• Increased funding for the Department of Business, Enterprise and Innovation for measures to support the opening of new markets for Irish businesses and a higher international profile.
  • Increased funding for the Department of Foreign Affairs and Trade has already provided for the opening of 13 new diplomatic missions as part of Global Ireland 2025, which will help Irish exporters find new markets


Worth noting:

According to the Irish Government, the Irish economy is still heavily reliant on the UK as a trading partner, with 17% (€39bn) of all exports destined for the UK and 14% (€30bn) of all imports sourced from the UK in recent years. This reliance is even greater for some sectors and in particular for the agri-food sector, where 39% (€4.8bn) of Irish agri-food products are exported to the UK and 47% (€3.7bn) are sourced from the UK.

In a worst-case scenario where the UK exits the EU without an agreement, Ireland’s GDP level will be expected to be 3.8% below baseline after ten years. In this scenario, while the economy, including jobs market, will still be growing, it will be doing so at a slower rate.


The French Government is planning for border inspection posts either to be expanded or constructed for the first time in Cherbourg, Calais and the Channel Tunnel, among others.  SPS checks on live animals, meat and dairy products originating in or coming from the UK can be carried out after their entry into French territory in facilities located close to their entry points (French Ministry of Agriculture is working on listing these facilities).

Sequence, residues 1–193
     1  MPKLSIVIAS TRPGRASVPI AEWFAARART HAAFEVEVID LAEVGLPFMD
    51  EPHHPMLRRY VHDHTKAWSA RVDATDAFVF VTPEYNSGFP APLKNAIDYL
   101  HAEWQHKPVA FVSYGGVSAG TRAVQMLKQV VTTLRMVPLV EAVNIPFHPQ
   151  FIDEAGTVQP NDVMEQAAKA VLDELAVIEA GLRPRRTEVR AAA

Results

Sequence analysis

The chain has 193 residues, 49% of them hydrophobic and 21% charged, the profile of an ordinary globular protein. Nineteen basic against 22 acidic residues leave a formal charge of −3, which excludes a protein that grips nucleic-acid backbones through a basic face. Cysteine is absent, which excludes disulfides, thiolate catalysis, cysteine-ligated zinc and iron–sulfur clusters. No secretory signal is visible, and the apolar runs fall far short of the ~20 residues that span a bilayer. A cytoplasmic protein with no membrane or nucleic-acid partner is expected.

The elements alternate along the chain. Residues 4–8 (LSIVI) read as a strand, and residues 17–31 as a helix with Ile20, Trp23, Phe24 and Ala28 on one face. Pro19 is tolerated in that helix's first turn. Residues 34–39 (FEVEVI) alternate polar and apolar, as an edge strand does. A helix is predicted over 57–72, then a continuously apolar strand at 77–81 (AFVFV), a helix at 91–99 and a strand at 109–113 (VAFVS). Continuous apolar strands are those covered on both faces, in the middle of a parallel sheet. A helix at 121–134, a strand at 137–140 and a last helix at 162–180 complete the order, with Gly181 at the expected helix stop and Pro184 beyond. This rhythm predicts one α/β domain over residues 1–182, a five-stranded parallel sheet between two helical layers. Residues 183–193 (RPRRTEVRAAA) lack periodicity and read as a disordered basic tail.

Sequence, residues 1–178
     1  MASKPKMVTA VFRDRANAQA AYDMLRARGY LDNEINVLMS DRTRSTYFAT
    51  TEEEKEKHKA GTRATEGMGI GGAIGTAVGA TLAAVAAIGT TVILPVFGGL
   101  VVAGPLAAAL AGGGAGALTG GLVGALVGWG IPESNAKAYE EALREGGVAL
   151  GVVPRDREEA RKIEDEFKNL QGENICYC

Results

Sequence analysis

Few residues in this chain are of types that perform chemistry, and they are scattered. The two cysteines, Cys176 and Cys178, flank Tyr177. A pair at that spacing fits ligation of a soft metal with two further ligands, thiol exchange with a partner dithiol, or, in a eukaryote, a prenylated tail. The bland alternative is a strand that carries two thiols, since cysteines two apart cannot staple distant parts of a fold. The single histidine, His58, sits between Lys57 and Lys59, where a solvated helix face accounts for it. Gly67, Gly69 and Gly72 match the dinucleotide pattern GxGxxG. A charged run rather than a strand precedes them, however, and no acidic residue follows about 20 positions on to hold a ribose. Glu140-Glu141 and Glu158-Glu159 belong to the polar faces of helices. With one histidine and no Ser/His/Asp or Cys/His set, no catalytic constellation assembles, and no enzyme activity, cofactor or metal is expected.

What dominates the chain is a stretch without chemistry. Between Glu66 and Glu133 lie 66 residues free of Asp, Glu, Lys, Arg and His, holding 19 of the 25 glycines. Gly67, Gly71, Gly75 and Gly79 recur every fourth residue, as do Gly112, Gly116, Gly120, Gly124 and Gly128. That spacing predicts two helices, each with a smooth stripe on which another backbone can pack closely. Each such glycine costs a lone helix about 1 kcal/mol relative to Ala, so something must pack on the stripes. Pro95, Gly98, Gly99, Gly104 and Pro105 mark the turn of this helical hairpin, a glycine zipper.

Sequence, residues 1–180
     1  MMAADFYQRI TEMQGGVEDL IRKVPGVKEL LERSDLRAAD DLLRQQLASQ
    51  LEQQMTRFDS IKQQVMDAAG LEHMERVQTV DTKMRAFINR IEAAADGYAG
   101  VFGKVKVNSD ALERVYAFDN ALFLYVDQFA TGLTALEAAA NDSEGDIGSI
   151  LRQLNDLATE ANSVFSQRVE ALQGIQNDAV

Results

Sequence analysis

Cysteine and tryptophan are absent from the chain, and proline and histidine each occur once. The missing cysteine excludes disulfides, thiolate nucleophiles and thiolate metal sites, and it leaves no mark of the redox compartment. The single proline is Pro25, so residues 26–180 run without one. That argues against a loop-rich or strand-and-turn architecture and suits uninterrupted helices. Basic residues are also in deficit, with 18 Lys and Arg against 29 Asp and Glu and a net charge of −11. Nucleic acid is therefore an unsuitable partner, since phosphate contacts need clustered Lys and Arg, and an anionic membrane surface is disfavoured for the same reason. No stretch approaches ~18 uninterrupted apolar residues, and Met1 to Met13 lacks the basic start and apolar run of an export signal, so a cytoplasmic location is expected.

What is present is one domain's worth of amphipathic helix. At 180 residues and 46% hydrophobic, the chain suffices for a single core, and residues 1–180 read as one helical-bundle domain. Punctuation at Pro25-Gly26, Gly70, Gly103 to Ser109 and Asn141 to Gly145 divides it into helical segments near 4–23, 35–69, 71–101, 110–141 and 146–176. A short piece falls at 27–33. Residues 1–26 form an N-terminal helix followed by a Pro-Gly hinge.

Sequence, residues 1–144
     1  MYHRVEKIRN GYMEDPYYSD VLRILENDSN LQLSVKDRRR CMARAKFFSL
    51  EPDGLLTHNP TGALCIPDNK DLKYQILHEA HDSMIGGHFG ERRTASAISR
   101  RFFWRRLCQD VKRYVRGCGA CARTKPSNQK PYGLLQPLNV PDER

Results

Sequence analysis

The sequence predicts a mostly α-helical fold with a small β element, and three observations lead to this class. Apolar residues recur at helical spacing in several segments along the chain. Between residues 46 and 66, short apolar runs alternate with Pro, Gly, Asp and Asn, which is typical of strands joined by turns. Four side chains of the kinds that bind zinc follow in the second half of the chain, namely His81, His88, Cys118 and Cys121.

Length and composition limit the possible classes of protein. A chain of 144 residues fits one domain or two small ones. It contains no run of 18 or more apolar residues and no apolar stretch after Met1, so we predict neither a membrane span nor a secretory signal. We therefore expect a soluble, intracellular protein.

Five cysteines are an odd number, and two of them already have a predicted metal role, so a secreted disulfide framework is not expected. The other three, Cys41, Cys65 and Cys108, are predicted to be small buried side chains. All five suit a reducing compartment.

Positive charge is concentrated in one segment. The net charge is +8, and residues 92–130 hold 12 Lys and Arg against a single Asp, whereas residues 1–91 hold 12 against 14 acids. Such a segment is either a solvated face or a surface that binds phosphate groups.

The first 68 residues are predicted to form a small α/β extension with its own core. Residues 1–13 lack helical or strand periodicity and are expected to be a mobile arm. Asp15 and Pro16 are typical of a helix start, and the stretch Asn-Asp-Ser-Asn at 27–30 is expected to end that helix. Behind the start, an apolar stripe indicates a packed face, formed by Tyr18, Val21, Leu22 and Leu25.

Infrastructure managers will be asked to begin necessary work without delay (so that border checks are operational on 30 March 2019).

Over the coming months, extra staff will be appointed and trained to carry out customs and veterinary checks (580 jobs), and concentrate them in the regions most affected (largely in UK-facing ports, such as Le Havre, Calais, Dunkirk and the Channel Tunnel). In 2018, France already recruited an extra 250 customs agents.

The French administration is also looking at ways to simplify border procedures (e.g. paperless declarations). They have developed an information system allowing businesses to automate the border crossing by Heavy Goods Vehicles (HGV). This SmartBorder technology will be applicable at all points of entry/exit to/from Calais region and more broadly, Channel-North Sea.

It is based on 3 principles:

  • The early completion of customs procedures before arriving at the border, by giving the barcode of the customs declaration to the driver
  • The identification of the means of transport and the barcode of customs declaration of transported goods
  • The automatic sending of the crossing notifications to the customs declarant, to avoid stopping the HGV

Under this approach, customs declarations must be identified with a barcode in the driver’s possession. The barcode establishes a link between the number plate of the HGV and its customs or transit declaration(s). All these declarations cover the contents of an HGV identified via its number plate upon arrival at the customs facility (port or Eurotunnel terminal): electronic registration of the HGV number plate and customs forms (also known as ‘pairing’) enables the HGV to be tracked as it goes through the facility, especially when it crosses the border. After the border has been crossed, the vehicle is not permitted to turn back.

On arriving in France, the haulier will automatically be directed to the green or orange lane depending on the status of the transported goods customs declaration:

  • Green lane: no stop, direction the motorway
  • Orange lane: going through a check area


Worth noting: